“Give it back” Danielle Esplin

Rated 2 stars ** ebook. 2017. Black Rose Writing.

Three women. Two sisters. Three stories. Two disappearances. Many suspects. One truth.

Give it backThrough flashbacks and the present time, Ella, her sister Lorraine, and Lorraine’s au pair Lexy tell their stories. Ella must come to grips with the fact that Lorraine has brain cancer, and that she’s been too busy with her job to concern herself with anyone or anything. Lorraine has been fixated for years on getting her long divorced husband to love her again, and has no intention of letting go of that bone. Meanwhile Lexy successfully hides the fact that she knows nothing about taking care of children, and came from London to Seattle to stalk an ex boyfriend. When Lexy and Logan (Lorraine’s 16-year-old son) disappear, and Lorraine’s cancer worsens, it’s up to Ella to make sense of differing accounts to figure out what happened.

I wasn’t a fan of this book, as I disliked how the women were portrayed. They were all either unloved by “the one” on whom they’d hung their hearts, so life was ruined, or were rendered unlovable because they worked too much. Other choices were to make them either ugly or insane. Compared to all of the women Ella was the strongest, but it wasn’t enough for me.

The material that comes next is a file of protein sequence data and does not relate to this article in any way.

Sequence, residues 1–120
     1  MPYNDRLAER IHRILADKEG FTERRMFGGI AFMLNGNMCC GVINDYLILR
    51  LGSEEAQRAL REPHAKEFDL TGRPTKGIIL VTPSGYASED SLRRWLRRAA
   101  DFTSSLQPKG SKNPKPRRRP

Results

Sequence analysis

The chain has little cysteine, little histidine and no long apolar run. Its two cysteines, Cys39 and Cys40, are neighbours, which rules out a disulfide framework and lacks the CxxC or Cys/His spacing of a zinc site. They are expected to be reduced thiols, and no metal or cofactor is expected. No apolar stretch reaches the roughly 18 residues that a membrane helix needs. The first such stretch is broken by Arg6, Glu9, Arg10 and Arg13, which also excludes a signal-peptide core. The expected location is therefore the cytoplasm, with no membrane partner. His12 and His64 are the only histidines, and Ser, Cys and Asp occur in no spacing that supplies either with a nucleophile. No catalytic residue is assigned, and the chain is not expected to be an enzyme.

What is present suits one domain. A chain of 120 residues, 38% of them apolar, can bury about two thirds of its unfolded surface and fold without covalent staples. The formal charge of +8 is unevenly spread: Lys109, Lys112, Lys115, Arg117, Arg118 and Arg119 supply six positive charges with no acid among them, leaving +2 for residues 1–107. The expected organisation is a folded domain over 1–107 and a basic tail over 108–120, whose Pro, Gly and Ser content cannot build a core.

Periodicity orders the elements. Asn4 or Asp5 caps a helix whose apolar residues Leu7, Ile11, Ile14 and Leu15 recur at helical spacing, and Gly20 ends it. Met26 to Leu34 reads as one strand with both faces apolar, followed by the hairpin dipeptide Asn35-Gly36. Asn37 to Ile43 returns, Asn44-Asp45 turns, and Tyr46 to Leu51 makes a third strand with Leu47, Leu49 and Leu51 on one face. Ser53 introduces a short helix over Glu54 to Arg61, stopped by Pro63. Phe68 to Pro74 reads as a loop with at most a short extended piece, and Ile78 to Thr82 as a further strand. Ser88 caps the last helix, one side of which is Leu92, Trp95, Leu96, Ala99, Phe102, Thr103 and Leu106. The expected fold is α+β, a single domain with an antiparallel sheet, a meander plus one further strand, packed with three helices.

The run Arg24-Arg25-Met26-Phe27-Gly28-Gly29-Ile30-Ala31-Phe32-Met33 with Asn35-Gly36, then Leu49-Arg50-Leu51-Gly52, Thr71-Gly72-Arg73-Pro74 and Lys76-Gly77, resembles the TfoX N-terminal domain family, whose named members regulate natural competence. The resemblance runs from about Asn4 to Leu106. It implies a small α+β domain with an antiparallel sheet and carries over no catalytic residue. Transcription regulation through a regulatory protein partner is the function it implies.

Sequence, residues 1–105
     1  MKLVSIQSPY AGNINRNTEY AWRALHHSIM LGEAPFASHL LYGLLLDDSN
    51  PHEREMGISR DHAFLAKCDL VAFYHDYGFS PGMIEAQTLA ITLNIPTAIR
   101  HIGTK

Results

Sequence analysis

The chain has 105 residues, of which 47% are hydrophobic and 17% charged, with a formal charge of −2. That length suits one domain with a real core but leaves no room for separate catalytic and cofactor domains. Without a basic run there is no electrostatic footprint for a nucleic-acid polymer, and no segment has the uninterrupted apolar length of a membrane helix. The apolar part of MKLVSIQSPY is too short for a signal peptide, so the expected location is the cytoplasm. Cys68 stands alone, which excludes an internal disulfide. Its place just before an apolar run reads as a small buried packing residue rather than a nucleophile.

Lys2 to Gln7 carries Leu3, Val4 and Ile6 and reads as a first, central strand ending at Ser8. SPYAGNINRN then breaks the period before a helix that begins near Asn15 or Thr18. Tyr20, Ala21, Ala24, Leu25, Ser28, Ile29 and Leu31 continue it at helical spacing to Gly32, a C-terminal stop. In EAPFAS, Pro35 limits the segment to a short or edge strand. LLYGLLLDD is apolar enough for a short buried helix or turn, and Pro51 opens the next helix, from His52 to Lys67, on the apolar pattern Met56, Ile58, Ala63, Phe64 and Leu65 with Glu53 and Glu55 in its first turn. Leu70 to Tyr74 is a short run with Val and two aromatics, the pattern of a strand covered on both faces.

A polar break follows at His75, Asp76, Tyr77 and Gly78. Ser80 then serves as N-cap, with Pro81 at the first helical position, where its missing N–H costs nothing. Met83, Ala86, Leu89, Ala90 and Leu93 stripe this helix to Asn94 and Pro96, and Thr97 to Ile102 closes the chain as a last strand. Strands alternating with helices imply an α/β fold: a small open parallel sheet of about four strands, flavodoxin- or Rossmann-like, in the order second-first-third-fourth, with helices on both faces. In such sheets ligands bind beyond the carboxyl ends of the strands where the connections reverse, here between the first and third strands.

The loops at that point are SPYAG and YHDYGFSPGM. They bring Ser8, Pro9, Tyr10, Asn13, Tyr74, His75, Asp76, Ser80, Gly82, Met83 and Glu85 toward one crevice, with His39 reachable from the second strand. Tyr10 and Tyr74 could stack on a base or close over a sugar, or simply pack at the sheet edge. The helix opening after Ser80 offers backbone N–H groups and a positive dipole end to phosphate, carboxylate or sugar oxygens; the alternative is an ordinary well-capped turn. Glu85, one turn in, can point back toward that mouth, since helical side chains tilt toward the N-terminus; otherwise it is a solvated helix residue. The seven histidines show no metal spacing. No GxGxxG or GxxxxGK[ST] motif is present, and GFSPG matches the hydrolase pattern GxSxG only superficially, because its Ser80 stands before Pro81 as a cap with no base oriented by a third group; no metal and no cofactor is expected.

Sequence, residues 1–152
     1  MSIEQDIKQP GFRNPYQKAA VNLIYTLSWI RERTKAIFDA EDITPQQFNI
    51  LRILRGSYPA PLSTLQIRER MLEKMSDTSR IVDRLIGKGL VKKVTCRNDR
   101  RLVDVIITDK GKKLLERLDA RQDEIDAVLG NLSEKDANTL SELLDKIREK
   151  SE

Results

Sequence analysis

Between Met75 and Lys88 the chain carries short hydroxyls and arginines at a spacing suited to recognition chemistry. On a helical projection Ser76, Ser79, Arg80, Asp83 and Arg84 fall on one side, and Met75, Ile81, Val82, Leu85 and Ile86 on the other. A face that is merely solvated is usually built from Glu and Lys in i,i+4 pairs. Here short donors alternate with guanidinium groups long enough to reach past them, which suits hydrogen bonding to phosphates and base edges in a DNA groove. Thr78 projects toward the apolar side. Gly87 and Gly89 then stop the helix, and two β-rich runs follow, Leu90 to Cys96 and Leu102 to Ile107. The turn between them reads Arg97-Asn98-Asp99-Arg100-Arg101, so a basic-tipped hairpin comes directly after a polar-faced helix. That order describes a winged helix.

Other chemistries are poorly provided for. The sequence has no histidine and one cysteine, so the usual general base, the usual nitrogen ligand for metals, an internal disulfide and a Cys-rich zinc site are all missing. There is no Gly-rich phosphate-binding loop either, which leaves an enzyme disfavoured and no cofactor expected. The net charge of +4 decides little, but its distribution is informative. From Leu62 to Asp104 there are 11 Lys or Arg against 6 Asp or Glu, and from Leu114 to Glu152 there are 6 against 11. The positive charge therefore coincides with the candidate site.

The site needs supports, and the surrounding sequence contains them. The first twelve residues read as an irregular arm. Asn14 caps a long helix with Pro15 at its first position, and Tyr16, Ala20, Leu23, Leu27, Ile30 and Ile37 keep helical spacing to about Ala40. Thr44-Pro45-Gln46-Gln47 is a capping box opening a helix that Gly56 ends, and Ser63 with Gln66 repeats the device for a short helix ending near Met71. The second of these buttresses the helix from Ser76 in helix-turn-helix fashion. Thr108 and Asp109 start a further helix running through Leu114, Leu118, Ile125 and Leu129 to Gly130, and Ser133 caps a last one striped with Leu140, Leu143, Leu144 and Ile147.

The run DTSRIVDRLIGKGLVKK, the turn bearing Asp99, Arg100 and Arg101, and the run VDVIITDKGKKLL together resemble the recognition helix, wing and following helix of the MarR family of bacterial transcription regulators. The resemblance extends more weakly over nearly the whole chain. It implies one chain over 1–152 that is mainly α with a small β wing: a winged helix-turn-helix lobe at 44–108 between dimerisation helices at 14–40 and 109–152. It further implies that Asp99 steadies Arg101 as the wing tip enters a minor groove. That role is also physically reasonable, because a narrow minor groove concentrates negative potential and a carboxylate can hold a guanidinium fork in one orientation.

Though I didn’t like it, I will leave it up to you Adults to decide if you want to read it or not.

I received a digital reading copy of this book from the publisher in exchange for an honest review.

“Only love can break your heart” by Ed Tarkington

Rated 3 stars *** Algonquin Books. 2016. 307 p.

Only love can break your heartSet in a small Virginia town in 1977 Richard, called Rocky by his beloved sixteen-year-old big brother Paul, was almost eight years old. Paul was everything Rocky wished he could be – though he was always in trouble, and not a favorite of his mom. He was a girl charmer, and owned a great collection of records he often invited Rocky to hear in his room. Paul was always there until, one day, he wasn’t. He disappeared with Leigh, his long-time girlfriend.

Rocky missed his brother, but was distracted by his neighbor’s daughter Patricia who he met when he was almost 15 years old. Though she was almost 10 years older, for several months she schooled him in the art of sex in the hayloft of her family’s stable. Rocky was content to spend time with her, and was bereft when she broke up with him after Leigh returned and figured out their relationship.

Many years later Paul returned. Leigh’s time away had badly scarred her, leaving her mentally unstable, for which Paul blamed himself. Though Rocky and the Old Man were thrilled to have him back, Richard’s mom felt he was still the bane of her existence. When their next-door neighbor and wife were found murdered, Paul and Leigh quickly became the main suspects. Were the police overlooking the real killers in their eagerness to solve the crime, or was it true that Rocky’s idol and his girlfriend were murderers?